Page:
If the #MeToo movement of the last few months has taught us anything, it’s that it is extremely painful and risky for victims of sexual harassment or assault — even those with power, money and connections — to speak out against their abusers. Now consider how much harder it must be for a child.
It should surprise no one that a vast majority of people who were sexually abused as children never report it. For those who do, it takes years, and often decades, to recognize what happened to them, realize it wasn’t their fault and tell someone. The trauma leads to higher rates of alcoholism and drug abuse, depression, suicide and other physical and psychological problems that cost millions or billions to treat — money that should be paid not by taxpayers, but by the offenders and the institutions that cover for them.
For these reasons, many states — including eight last year alone — have done the right thing and extended or eliminated statutes of limitations for the reporting of child sexual abuse. This has encouraged more victims to come forward and seek justice for abuse that was never properly addressed, if it was addressed at all.
New York, which has had no shortage of child sex-abuse scandals, should be on that list. In fact, it should be leading the nation on this issue. Instead it, along with Mississippi, Georgia, Alabama and Michigan, is one of the states with the least victim-friendly reporting laws in the country. New York requires most child sex-abuse victims to sue by the age of 23, 19 years before the average age at which such victims report their abuse.
Lawmakers have had the solution in their hands for more than a decade. The Child Victims Act would extend the statute of limitations to age 50 in civil cases, and to age 28 in criminal cases. It would also establish a one-year window in which anyone would be permitted to bring a lawsuit, even if the statute of limitations had already expired.
The bill enjoys widespread and bipartisan support in Albany — it passed the State Assembly once again in 2017, by a vote of 139 to 7 — and from Gov. Andrew Cuomo. And yet it keeps failing to become law.
Why? The Senate majority leader, John Flanagan, a Republican, has refused to let the bill come to the floor for a vote. The bill’s opponents, which include the Catholic Church, Orthodox Jewish groups and the Boy Scouts of America, are concerned primarily with the one-year window, which they believe would cause a wave of claims that could drive churches, schools and hospitals into bankruptcy. That hasn’t happened in other states, even those that opened the window for longer. In Minnesota, which created a three-year window for a population a little more than a quarter of New York’s, just under 1,000 civil claims have been filed.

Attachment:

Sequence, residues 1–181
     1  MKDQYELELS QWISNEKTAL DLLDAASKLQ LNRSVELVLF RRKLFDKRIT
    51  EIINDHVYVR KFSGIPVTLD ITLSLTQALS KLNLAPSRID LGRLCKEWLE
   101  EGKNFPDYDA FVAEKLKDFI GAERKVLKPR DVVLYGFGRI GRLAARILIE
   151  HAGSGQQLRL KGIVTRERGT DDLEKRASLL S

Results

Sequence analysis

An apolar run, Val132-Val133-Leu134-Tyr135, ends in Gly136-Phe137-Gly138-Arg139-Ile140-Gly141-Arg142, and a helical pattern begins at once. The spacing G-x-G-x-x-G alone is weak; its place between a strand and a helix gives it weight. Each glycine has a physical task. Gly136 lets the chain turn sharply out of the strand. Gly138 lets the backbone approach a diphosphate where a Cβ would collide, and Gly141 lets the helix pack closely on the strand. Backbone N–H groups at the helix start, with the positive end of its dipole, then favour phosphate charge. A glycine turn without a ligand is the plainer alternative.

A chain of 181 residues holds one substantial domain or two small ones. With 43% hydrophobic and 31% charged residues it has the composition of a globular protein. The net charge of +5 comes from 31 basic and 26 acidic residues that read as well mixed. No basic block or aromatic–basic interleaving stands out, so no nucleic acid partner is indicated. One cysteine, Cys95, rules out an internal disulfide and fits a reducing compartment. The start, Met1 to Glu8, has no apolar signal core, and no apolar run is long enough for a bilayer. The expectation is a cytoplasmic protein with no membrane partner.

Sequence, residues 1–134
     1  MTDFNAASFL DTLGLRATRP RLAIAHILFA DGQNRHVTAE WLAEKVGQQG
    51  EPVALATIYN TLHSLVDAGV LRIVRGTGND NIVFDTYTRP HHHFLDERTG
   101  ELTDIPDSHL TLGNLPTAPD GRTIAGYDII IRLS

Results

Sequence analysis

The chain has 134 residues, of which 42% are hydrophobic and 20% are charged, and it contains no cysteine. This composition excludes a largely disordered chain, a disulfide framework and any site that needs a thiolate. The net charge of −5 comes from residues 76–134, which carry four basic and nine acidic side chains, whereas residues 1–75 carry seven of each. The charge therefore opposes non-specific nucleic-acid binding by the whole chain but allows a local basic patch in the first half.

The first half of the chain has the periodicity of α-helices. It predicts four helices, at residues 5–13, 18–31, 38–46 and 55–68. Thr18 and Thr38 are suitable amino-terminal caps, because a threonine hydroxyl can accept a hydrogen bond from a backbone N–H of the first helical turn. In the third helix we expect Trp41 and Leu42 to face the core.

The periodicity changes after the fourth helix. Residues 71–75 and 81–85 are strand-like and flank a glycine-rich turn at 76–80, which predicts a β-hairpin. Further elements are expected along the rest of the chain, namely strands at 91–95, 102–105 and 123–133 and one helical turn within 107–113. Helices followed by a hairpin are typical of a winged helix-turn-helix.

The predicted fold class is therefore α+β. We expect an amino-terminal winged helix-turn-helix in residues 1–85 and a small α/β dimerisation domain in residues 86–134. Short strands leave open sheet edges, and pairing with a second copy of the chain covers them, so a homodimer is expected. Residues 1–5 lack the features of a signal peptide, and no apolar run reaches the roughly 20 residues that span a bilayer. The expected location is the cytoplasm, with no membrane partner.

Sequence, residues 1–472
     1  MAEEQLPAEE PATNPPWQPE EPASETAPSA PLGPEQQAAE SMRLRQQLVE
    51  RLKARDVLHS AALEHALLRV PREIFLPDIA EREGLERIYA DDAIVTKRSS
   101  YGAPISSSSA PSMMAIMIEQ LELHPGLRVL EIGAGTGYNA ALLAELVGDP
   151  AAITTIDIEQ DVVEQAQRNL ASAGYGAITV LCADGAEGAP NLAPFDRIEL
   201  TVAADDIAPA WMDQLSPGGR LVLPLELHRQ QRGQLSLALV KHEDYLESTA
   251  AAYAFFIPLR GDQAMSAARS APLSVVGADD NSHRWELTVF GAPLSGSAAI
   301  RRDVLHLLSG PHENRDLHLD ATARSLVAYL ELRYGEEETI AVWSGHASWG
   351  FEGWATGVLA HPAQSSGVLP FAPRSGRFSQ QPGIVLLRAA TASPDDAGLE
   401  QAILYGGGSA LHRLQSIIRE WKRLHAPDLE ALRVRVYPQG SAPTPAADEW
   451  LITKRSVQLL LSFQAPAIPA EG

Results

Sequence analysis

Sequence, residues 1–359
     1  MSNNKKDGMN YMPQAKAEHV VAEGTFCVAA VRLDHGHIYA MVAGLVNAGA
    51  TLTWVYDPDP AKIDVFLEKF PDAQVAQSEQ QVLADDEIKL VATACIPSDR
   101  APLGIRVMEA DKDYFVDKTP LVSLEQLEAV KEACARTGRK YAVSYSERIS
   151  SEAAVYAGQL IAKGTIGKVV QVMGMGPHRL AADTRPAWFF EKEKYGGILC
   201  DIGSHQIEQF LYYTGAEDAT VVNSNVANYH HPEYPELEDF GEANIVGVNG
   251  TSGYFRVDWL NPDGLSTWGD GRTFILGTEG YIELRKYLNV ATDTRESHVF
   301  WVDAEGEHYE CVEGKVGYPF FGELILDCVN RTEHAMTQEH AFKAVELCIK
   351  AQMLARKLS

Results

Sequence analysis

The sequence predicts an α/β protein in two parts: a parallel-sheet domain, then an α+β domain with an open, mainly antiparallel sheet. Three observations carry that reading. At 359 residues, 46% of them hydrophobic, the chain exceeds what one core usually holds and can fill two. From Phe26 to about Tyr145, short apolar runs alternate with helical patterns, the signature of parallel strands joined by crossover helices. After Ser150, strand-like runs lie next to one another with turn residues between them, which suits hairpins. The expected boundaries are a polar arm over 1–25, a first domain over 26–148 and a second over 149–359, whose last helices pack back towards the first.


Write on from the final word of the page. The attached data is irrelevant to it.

But even if it did, we should be less concerned with protecting the bank accounts of institutions that might harbor sexual predators, and more concerned with bringing justice to the victims — whether their abusers are clergy members, teachers or, as in a majority of cases, a family member.
The Child Victims Act should have passed on its merits long ago. Since it hasn’t, Mr. Cuomo needs to step up and demonstrate the leadership he has shown on many other divisive issues in recent years, like same-sex marriage. If Mr. Cuomo includes the bill’s provisions in the 2018-19 state budget, which he is scheduled to present on Tuesday, he will make it extremely tough for Mr. Flanagan and other Republican leaders to say no to protecting New York’s most vulnerable victims.
A version of this editorial appears in print on January 12, 2018, on Page A22 of the New York edition with the headline: Albany, Pass the Child Victims Act.
Call 800.656.HOPE (4673) to be connected with a trained staff member from a sexual assault service provider in your area.